Poppy looked up from her crepe-paper bows for the first time. “I have to be alone?”

“Well, because your friends don’t know … you know … quite who you are.”

“Who I am?”

“I mean they know you, of course, but they don’t know. You know?”

Poppy looked confused. “Are you being silly, Mama?” She concluded her mother was just teasing her and broke into a huge almost-seven-year-old smile. “Don’t worry. This is going to be the best sleepover ever.”

But Rosie worried anyway. “What are we going to do?” She was whipping green cream-cheese frosting, as instructed.

“See how it plays out?” Penn guessed.

She pointed a whisk at him. “You’re the one who wants to keep this thing a secret.”

“I don’t want to keep this thing a secret. We have all, prudently, agreed to this approach for this moment. For good reasons.”

“But it’s like she didn’t even know what I was talking about. It’s like she’s forgotten she’s really a boy.”

“She’s not really a boy.”

“Yes, right, I know, I know. But you know what I mean. It’s like she’s forgotten she has a penis.”

“When you own a penis”—Penn glanced down at his authoritatively—“you never forget.”

“She’s forgotten that a penis isn’t what she’s supposed to have,” Rosie persisted. Maybe she couldn’t quite articulate it, but she knew the point was valid. “She’s forgotten her friends have—and are expecting—something else.”

Rosie had taken to trying to walk around naked more, but it was hard. For one thing, there was the mob of teenage boys in her house. For another, there were the neighbors. The problem was the kids saw each other naked all the time, changing in and out of swimsuits and sports gear and school clothes and pajamas, and Poppy therefore had the impression that she was totally normal. Everyone had toes. Everyone had elbows. Everyone had a penis. Maybe it lacked subtlety, but Rosie thought “show don’t tell” was the best way to disabuse Poppy of this last point. She sat in the bath until her fingers wrinkled into origami so that she could be getting out of it just when Poppy wandered in looking for glue sticks. She threw her workout clothes in the wash with the towels then changed for yoga right when Poppy was gathering supplies for the beach. It was weird—not to mention chilly—but how better, in a houseful of penises, to show Poppy that while there was nothing wrong with her body, for a girl it was pretty unusual? But it seemed not to make an impression. Very nearly seven-year-old Poppy’s body looked no more like adult Penn’s than adult Rosie’s when you got right down to it. She was grateful, really, that Poppy didn’t understand. But she was also panicked, really, that Poppy didn’t understand.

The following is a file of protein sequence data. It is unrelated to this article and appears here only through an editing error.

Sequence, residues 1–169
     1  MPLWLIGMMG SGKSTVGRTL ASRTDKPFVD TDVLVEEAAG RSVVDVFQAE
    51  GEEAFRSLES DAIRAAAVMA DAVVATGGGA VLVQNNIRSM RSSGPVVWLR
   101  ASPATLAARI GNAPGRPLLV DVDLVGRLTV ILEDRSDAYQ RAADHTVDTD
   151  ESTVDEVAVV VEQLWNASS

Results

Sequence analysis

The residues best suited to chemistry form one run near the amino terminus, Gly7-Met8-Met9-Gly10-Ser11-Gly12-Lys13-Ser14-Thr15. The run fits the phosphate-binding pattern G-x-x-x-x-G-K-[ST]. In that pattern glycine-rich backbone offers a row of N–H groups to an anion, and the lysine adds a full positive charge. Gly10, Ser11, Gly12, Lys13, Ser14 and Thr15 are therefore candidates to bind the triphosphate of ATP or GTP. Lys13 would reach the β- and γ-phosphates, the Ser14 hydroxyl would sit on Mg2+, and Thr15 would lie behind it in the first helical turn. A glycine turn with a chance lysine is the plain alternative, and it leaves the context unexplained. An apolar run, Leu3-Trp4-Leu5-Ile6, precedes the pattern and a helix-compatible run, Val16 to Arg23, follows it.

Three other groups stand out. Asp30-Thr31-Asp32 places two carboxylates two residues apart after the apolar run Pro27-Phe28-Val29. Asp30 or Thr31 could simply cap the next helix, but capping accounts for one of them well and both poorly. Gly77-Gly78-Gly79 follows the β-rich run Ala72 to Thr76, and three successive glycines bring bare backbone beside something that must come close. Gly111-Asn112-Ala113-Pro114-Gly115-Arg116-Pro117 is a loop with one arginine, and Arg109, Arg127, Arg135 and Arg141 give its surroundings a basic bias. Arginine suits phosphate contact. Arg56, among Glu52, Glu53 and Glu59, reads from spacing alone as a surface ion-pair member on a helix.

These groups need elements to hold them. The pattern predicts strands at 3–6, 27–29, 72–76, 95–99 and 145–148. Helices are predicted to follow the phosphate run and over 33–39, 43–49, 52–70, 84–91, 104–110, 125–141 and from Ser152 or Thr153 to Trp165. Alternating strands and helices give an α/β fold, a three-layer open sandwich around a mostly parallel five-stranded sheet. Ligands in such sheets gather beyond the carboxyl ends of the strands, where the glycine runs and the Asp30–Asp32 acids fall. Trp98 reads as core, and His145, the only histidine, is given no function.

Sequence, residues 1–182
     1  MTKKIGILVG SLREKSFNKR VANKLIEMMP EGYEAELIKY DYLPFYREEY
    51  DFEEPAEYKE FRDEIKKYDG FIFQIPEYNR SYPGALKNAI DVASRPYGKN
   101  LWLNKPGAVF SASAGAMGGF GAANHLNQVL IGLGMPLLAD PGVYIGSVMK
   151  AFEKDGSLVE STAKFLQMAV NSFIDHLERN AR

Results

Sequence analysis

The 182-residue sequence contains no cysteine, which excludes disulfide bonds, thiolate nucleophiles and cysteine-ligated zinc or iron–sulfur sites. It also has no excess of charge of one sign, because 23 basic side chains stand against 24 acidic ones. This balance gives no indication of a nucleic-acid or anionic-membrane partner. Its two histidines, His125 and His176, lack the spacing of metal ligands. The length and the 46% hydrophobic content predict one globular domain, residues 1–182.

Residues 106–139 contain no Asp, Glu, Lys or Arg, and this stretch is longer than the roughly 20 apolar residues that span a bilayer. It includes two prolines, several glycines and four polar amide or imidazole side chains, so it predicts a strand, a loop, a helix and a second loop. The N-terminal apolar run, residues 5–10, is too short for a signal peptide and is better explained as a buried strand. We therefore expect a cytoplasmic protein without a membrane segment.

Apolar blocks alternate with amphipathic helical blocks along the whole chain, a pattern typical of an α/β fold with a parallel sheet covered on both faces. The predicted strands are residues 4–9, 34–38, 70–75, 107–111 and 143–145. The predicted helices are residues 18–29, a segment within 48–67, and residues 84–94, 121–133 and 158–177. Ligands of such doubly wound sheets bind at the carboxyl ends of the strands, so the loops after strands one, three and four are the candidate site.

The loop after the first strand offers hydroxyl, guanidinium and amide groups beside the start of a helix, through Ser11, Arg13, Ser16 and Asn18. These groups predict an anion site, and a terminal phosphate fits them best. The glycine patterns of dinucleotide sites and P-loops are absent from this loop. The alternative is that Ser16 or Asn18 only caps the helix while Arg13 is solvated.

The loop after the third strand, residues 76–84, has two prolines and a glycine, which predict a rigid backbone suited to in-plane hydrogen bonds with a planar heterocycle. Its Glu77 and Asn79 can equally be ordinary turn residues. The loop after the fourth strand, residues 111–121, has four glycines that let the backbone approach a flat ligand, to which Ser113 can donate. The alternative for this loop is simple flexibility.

It was a torturous evening. It was worse, in fact, than the one it commemorated, Poppy’s first sleepover, its anguished waiting escalating in intensity the longer it went on, proving altogether more painful than Rosie’s quick final labor. The girls started with the baked brie and the Doritos, ignoring Penn’s neat baguette slices and scooping up fancy French cheese with neon orange triangles instead. Rosie, anxious to get on with things already, tried to serve the (such that it was) main course then, but Penn pointed out it was only four thirty, and Poppy whined, “Mom, we have so much to do.” They all four whirled up to her turret while Rosie cursed the stairs: she couldn’t hear what they were doing up there by pressing her ear to the door at the bottom of them. Lots of giggling. Lots of high-pitched joy. They came down and watched The Sound of Music. They wanted to make clothes out of the curtains, but Penn steered them toward marshmallow monsters—Poppy’s chosen craft—instead. More marshmallows turned into snacks than into monsters. Then Poppy opened presents, and then she consented to dinner: the sandwiches and sushi. Rigel and Orion did a magic show with a set they’d gotten several birthdays ago, supplemented by an actual hacksaw and a chocolate rabbit they did indeed saw in half and manage to reattach by licking the edges until they were sufficiently sticky. The girls giggled. Roo and Ben stayed in their basement and pretended none of the rest of them existed. Penn blew up a bunch of balloons for a lawless, anarchic game of balloon tag. And Rosie fretted.

They called the older boys up for singing, cake, and ice cream. It was her first all-girls birthday, and Rosie was pleasantly surprised to see them actually sit and eat, quietly if not neatly, which would have been nice except she still had her own brood to contend with. Rigel balanced a piece of cake on the top hat Orion was wearing, which slid off onto Roo’s plate, which splattered ice cream onto Rigel’s present: orange knit party hats that looked to Rosie like yarmulkes. The twins held each other’s necks in the crooks of their elbows and rolled around on the kitchen floor for a bit, spreading dropped cake and ice cream into every corner and whipping Jupiter into a frenzy of barking and alarm. Rosie envied the dog, for whom it was socially acceptable to walk around whining ceaselessly when she was feeling anxious.

When the girls started yawning, Penn lightly suggested it might be time to start thinking about getting ready for bed. Rosie wasn’t ready yet. She felt like she was breathing very quickly all of a sudden. She tried to look nonchalant while the girls trundled upstairs. Then she raced for the turret steps like an about-to-be-sawed-in-half chocolate rabbit. She climbed the stairs as quietly as she could, stopping halfway up, like Christopher Robin, trying not to pant and give herself away. She heard bags unzipping, kicked-off shoes whacking into the molding, clothes being shed, soft exclamation over Kim’s Seattle Storm pajamas and Natalie’s slippers shaped like bear feet. She strained but could not hear whether or not underwear was being removed. Why couldn’t underpants be louder? She heard Poppy’s dresser drawers open and shut, open and shut again. Suddenly, Poppy was walking back toward the stairs.